I can't say that I'm a big fan of romance novels. Can't say that I'm not, either, since I've never knowingly read one (Jonathan Livingston Seagull was as close as I ever came and it doesn't count because it was the Seventies and I was trying to impress someone). So when a review copy of The Crimson Portrait showed up in my mailbox, unsolicited, from Hachette Book Group USA, I was skeptical.
But I was also a bit intrigued, as the introductory letter from Hachette's "marketing specialist" used the word "creepy" in the summary of the book, which partially offset the comparison to The English Patient, a book (and movie) which I've studiously avoided.
After reading the book, I can honestly say that it didn't make me into a fan of the romance genre, but I can give it a recommendation to those who are interested in "historical fiction" or who like their dramas mixed with some interesting medical trivia.
The plot synopsis goes something like this. A centuries-old British country estate is converted into a military surgical facility at the beginning of World War I. The estate's owner was a doctor who was killed in the early days of the war, and his widow ñ who suffers from a pathological degree of grief ñ offered her home as a hospital. But this is no ordinary hospital, as it is devoted solely to the treatment of soldiers with severe cranio-facial injuries, injuries so severe that all reflective surfaces have been banned from the estate, so that the victims cannot see the extent of their wounds.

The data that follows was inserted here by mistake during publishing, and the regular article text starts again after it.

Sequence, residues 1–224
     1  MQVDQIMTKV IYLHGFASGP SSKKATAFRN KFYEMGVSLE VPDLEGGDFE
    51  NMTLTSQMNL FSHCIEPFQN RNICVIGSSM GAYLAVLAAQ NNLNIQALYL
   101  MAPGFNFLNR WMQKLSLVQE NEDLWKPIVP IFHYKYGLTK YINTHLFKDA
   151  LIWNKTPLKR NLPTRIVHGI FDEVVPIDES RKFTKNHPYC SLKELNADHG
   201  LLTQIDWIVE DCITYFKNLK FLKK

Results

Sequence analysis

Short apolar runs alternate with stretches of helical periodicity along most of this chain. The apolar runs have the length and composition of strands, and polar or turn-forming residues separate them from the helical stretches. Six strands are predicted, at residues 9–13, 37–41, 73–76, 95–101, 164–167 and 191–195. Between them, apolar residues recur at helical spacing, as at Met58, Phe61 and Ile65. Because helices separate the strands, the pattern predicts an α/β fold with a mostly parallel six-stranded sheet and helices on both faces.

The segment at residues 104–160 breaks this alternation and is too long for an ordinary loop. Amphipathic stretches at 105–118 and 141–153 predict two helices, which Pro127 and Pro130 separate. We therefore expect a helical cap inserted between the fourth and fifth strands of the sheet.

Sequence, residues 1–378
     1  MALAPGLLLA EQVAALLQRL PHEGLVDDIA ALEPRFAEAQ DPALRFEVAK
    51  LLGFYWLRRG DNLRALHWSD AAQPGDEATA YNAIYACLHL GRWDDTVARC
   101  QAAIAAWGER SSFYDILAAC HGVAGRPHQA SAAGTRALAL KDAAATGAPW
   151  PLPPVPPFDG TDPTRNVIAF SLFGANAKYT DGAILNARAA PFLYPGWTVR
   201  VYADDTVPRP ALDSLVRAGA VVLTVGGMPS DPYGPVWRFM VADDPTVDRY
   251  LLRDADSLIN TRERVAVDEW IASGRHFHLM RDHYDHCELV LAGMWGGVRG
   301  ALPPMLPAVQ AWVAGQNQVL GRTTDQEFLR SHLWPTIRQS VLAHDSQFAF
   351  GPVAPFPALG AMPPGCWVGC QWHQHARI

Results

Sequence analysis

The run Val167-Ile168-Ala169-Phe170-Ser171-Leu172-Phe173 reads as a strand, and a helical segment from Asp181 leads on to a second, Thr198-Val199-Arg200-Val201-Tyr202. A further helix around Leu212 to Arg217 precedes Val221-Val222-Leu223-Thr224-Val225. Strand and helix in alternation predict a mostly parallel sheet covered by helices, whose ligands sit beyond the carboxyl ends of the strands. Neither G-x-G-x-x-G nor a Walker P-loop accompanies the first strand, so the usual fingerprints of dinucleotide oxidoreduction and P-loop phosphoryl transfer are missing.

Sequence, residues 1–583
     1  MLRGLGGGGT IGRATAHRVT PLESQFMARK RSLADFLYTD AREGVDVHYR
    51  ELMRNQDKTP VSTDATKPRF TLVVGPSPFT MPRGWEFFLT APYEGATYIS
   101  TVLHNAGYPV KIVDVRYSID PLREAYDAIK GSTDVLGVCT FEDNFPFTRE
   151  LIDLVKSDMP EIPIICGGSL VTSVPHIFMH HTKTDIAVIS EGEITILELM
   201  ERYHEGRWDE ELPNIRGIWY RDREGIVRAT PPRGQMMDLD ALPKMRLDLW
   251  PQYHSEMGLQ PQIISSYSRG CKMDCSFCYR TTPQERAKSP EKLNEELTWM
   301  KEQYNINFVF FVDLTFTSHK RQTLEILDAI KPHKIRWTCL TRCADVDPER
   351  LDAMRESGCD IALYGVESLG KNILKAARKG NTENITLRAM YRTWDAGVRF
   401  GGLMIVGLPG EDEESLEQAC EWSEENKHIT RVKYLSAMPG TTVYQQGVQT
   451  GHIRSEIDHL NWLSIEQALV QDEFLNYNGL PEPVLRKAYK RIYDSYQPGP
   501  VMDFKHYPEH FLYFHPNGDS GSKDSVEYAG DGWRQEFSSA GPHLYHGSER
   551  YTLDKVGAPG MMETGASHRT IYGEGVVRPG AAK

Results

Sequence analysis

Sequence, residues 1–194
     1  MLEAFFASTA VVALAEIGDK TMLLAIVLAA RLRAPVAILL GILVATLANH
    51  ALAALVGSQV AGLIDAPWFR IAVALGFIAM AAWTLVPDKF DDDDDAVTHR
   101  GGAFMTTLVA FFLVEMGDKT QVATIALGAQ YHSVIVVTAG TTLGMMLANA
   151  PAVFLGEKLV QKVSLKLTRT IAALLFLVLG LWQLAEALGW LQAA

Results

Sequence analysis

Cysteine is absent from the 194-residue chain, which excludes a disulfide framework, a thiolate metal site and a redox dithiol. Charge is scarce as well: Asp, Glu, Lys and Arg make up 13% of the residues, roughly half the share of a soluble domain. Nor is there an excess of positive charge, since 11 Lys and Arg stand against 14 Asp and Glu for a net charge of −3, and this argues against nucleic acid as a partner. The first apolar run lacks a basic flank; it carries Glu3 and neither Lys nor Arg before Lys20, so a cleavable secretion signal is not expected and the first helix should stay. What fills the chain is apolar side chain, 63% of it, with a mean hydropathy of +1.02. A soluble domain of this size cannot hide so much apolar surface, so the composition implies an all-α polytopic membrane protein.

The treatment and repair of such injuries was at that time unmapped territory. The surgeons assigned to these cases had no modern precedents, instead relying upon ancient texts ñ Chinese, Middle Eastern, East Indian, etc. ñ and their own intuition and ingenuity to rebuild or reshape faces. Jody Shields, the author, did extensive research into the history of these surgical techniques, and has inserted the details throughout the novel.
But the book explores more than the medical aspects of such injuries. The widowed estate owner encounters a wounded soldier into whom she imbues the personality and mannerisms of her late husband, and she hatches a plan to more fully transform the fellow into a proxy for the departed doctor with the unsuspecting help of the military surgeons and their assistants, including a female artist whose role it is to record the "before and after" of the treatments.
The book's strengths are in its descriptions of the medical challenges of the day and the profiles of the doctors who did their best to shelter those in their care from the horrifying ravages of war. The author touches upon, but doesn't fully explore the extent to which our facial features define us, physically and emotionally, both to ourselves and to those who know us. Unfortunately, the reader is never drawn fully into the story; we're left to be onlookers, but not participants. The novel also has a rather unsatisfying and abrupt end, as if the author lost enthusiasm for the plot or the characters. (Some of the other reviews I read spun this into a positive thing: "you'll want more!")
In the end, even though it's slightly flawed, The Crimson Portrait is still a worthwhile investment of reading time, especially for those who enjoy historical fiction.
Commercial link: Amazon.com